In a sign that the confirmation process is going according to plan, the Judiciary Committee on Monday officially noticed Barrett’s hearing to begin at 9 a.m. next Monday and will run through Oct. 15. The first day will include opening statements from Barrett and several senators, the second and third day will be reserved for senators to ask questions of the nominee, and the fourth day will consist of outside experts.

Senators will have the option to attend the hearing virtually, similar to previous Judiciary Committee hearings, though Judiciary Chair Lindsey Graham (R-S.C.) will appear in person.

Lee (R-Utah) and Tillis (R-N.C), who are quarantining for 10 days, sit on the committee and are expected to return for a panel vote, slated for Oct. 22. A spokesperson for Tillis said Monday that the North Carolina Republican is no longer exhibiting symptoms and continues to self-isolate.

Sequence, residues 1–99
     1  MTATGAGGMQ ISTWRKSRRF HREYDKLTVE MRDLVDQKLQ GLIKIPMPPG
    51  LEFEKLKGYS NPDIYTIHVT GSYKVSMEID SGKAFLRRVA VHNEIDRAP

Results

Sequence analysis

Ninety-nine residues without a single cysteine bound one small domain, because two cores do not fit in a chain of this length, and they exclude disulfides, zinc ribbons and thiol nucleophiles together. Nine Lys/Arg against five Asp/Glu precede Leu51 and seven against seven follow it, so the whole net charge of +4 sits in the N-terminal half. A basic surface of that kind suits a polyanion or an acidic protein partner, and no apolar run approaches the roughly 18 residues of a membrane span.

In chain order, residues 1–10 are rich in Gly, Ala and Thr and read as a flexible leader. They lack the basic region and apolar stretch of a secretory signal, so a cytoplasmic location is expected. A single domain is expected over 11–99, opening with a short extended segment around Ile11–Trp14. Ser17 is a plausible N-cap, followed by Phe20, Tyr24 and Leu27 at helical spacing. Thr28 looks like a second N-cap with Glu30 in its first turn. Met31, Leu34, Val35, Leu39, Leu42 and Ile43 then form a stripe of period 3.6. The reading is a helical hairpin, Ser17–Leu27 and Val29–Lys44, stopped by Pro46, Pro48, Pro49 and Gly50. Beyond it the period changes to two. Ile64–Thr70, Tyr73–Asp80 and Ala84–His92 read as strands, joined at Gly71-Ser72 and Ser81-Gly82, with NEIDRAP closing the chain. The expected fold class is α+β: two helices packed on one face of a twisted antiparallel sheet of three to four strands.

But Senate Democrats argue that if the Senate isn’t safe enough to be in session, the Judiciary Committee also shouldn’t convene.

Senate Minority Leader Chuck Schumer (D-N.Y.) reiterated his calls Monday for Graham to stop Barrett’s hearing. But Schumer added that if Graham won’t delay the hearing, the South Carolina Republican should implement a testing procedure.

“Every Senator and relevant staff must have negative tests on two consecutive days and have completed the appropriate quarantining period, and there should be mandatory testing every day of the hearing,” Schumer said.

Senate Majority Leader Mitch McConnell (R-Ky.) shot back at Schumer’s request to delay the hearing Monday, arguing that the Senate has held 150 hybrid hearings and therefore is well-prepared.